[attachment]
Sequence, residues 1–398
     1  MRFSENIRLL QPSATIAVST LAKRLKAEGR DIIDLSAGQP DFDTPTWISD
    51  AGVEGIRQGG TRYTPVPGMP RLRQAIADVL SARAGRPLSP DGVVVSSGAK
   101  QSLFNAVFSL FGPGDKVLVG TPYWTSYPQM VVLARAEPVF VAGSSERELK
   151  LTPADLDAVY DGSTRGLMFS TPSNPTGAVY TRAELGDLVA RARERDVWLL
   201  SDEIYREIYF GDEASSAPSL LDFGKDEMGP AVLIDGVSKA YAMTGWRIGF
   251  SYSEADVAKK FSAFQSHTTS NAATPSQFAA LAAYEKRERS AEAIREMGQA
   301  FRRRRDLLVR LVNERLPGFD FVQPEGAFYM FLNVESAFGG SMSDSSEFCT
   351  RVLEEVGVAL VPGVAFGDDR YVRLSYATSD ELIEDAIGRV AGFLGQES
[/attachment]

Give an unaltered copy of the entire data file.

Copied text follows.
Sequence, residues 1–398
     1  MRFSENIRLL QPSATIAVST LAKRLKAEGR DIIDLSAGQP DFDTPTWISD
    51  AGVEGIRQGG TRYTPVPGMP RLRQAIADVL SARAGRPLSP DGVVVSSGAK
   101  QSLFNAVFSL FGPGDKVLVG TPYWTSYPQM VVLARAEPVF VAGSSERELK
   151  LTPADLDAVY DGSTRGLMFS TPSNPTGAVY TRAELGDLVA RARERDVWLL
   201  SDEIYREIYF GDEASSAPSL LDFGKDEMGP AVLIDGVSKA YAMTGWRIGF
   251  SYSEADVAKK FSAFQSHTTS NAATPSQFAA LAAYEKRERS AEAIREMGQA
   301  FRRRRDLLVR LVNERLPGFD FVQPEGAFYM FLNVESAFGG SMSDSSEFCT
   351  RVLEEVGVAL VPGVAFGDDR YVRLSYATSD ELIEDAIGRV AGFLGQES